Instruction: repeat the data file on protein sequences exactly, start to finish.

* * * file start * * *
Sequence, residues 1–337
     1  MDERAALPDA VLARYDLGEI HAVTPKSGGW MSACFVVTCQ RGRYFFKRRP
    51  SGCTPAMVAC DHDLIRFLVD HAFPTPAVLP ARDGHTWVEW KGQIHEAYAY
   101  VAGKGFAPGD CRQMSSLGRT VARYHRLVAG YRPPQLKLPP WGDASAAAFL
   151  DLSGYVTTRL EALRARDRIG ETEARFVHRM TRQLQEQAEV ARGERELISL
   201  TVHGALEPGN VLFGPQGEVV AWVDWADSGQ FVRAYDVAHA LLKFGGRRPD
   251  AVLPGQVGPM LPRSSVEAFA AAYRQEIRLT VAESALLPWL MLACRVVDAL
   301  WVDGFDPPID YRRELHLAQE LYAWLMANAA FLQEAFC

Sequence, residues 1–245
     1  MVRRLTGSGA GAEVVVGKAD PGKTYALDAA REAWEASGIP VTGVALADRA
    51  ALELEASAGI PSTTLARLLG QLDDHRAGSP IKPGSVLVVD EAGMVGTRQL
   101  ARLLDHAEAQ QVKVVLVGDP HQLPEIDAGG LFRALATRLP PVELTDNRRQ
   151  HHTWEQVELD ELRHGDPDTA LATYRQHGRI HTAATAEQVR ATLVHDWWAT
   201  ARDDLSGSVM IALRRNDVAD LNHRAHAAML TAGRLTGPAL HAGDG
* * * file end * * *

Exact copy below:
Sequence, residues 1–337
     1  MDERAALPDA VLARYDLGEI HAVTPKSGGW MSACFVVTCQ RGRYFFKRRP
    51  SGCTPAMVAC DHDLIRFLVD HAFPTPAVLP ARDGHTWVEW KGQIHEAYAY
   101  VAGKGFAPGD CRQMSSLGRT VARYHRLVAG YRPPQLKLPP WGDASAAAFL
   151  DLSGYVTTRL EALRARDRIG ETEARFVHRM TRQLQEQAEV ARGERELISL
   201  TVHGALEPGN VLFGPQGEVV AWVDWADSGQ FVRAYDVAHA LLKFGGRRPD
   251  AVLPGQVGPM LPRSSVEAFA AAYRQEIRLT VAESALLPWL MLACRVVDAL
   301  WVDGFDPPID YRRELHLAQE LYAWLMANAA FLQEAFC

Sequence, residues 1–245
     1  MVRRLTGSGA GAEVVVGKAD PGKTYALDAA REAWEASGIP VTGVALADRA
    51  ALELEASAGI PSTTLARLLG QLDDHRAGSP IKPGSVLVVD EAGMVGTRQL
   101  ARLLDHAEAQ QVKVVLVGDP HQLPEIDAGG LFRALATRLP PVELTDNRRQ
   151  HHTWEQVELD ELRHGDPDTA LATYRQHGRI HTAATAEQVR ATLVHDWWAT
   201  ARDDLSGSVM IALRRNDVAD LNHRAHAAML TAGRLTGPAL HAGDG